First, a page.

Winner 2: Hidden gem 1

The second winner and first of the two hidden gems goes to Joe Chen who wrote this fantastic piece on Arc Rise Fantasia.

My family always invests in one video gaming console per generation. When I was first born, it was the Super Nintendo, and since then, we have stepped through the N64, PS2, and finally the Wii. Although the console list is Nintendo-centric, my time with the PS2 has unexpectedly changed my gaming expectations. Thus after playing through several Wii classics, I wanted to play a JRPG. In what is a seemingly starved genre for the Wii, I was thrilled to find Arc Rise Fantasia, an Imageepoch game with the story-driven, strategy-based JRPG gaming experience I was looking for.

Arc Rise Fantasia follows the story of L’Arc Bright Lagoon, a somewhat cold mercenary working for the Meridian Empire whose life is turned upside down after meeting Ryfia, an innocent Diva from the enemy country. She eventually drags L’Arc and his childhood friend Alf, Prince of the Meridian Empire, into a sensitive international conflict centered around two opposing religions. Along the way, they meet a little girl who calls herself the “Hero of Justice,” a magician who likes to hit on women, a mysterious and powerful swordsman, and many other quirky characters. Although the story seems predictable at first, the developers’ mid-story twists catalyze character and plot development, giving the game an epic atmosphere.

The game heavily draws upon elements from other JRPGs and integrates them into a fun experience. The world map, simple dungeon puzzles, and town structures in particular feel similar to several Tales JRPGs, and the game even features optional skits and costumes which allow for extra character development. However, Arc Rise Fantasia features a unique turn-based battle system where party members draw from a joint AP pool to perform actions in a series of battle phases. Different actions take up different amounts of AP, and spells and attacks are chainable for greater damage. Although player and enemy actions in a phase occur concurrently after setting the battle commands, players can estimate when a character’s actions will take place, making battles more about strategy than finger reflexes. The game also features a large explorable world and contains plenty of side quests to keep the gamer entertained both mid- and post-game.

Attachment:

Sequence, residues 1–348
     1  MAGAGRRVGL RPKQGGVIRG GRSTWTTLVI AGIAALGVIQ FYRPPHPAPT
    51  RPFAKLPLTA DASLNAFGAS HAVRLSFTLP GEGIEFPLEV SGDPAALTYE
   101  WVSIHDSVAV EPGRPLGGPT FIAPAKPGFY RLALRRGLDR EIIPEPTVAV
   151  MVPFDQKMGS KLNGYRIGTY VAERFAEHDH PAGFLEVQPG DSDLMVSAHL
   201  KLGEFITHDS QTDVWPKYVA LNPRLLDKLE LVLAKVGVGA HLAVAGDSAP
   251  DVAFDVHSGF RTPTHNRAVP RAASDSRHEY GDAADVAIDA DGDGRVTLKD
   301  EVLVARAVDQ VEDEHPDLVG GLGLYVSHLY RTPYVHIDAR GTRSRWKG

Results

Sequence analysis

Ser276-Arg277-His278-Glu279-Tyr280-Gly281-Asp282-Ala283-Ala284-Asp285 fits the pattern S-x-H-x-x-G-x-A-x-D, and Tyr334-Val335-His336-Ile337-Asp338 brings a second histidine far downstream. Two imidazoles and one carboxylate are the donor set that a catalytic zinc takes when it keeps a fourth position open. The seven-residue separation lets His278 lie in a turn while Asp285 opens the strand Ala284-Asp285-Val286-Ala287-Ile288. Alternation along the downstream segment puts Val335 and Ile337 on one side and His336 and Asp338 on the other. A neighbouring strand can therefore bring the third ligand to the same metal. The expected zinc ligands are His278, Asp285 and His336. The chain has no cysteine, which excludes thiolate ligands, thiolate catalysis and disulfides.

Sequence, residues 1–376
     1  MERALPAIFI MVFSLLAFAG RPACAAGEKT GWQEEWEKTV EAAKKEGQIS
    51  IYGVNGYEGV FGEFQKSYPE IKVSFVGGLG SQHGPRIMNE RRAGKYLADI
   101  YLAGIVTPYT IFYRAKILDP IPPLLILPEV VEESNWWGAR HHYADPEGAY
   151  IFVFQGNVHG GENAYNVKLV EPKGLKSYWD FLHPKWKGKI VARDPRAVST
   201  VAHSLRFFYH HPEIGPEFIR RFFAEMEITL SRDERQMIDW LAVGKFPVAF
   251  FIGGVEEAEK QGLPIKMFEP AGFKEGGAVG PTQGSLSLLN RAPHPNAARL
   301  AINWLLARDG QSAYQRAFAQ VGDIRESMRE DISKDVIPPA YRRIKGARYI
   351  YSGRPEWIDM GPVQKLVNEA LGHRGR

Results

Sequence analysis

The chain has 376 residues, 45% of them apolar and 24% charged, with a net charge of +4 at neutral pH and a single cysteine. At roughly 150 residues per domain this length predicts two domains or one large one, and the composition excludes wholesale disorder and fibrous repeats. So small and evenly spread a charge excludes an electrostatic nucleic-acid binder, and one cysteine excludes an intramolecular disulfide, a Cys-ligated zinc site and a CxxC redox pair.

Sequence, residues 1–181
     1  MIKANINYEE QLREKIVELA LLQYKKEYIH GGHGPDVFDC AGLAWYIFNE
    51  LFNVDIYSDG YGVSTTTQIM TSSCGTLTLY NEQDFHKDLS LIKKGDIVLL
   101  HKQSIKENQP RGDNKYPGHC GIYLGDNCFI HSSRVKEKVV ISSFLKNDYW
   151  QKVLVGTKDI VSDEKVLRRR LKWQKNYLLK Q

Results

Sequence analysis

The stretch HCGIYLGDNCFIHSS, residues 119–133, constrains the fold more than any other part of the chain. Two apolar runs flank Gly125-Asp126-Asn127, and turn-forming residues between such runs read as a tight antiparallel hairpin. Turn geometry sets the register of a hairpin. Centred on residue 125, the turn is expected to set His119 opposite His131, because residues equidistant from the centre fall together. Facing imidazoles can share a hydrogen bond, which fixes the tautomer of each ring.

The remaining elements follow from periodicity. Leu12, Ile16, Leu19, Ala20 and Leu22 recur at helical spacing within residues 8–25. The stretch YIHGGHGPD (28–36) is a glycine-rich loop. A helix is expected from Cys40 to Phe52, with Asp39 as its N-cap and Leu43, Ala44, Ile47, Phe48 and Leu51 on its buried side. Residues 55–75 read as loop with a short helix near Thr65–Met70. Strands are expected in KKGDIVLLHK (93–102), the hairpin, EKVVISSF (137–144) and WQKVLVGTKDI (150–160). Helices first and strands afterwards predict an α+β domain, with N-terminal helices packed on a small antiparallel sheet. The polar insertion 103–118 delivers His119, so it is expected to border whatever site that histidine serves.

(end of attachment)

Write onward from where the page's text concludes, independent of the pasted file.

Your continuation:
Unfortunately, Arc Rise Fantasia suffers from a major setback: the voice acting. Before I picked up the game, I did a little internet research since it had already been released for some time and was shocked to find an extremely negative reception for the game because of its voice acting. In fact, I almost didn’t buy the game because it practically seemed shunned by the video gaming community. I admit, the voice acting is noticeably poor. The script is awkward at times, and the voice-mouth synchronization is sometimes completely off. However, I’m ultimately glad that I gave the game a chance. Once I got past the voice acting – which I found doesn’t feel as bad while you’re playing the game as opposed to when you’re watching a video clip online – I discovered a rich and fun game with an epic story, interesting characters, and a likeable soundtrack (anyone recognize Yasunori Mitsuda and Yoko Shimomura?).

Arc Rise Fantasia will probably continue to be a black sheep game in both the Wii library and the JRPG genre because of its subpar voice acting, but now that the game is cheaper, I urge Wii owners to just give the game a shot. I know it’s not for everyone, but you might just be surprised to find a gem underneath its rough exterior.


Posted on 20/01/2012, in Features. Bookmark the permalink. Leave a comment.

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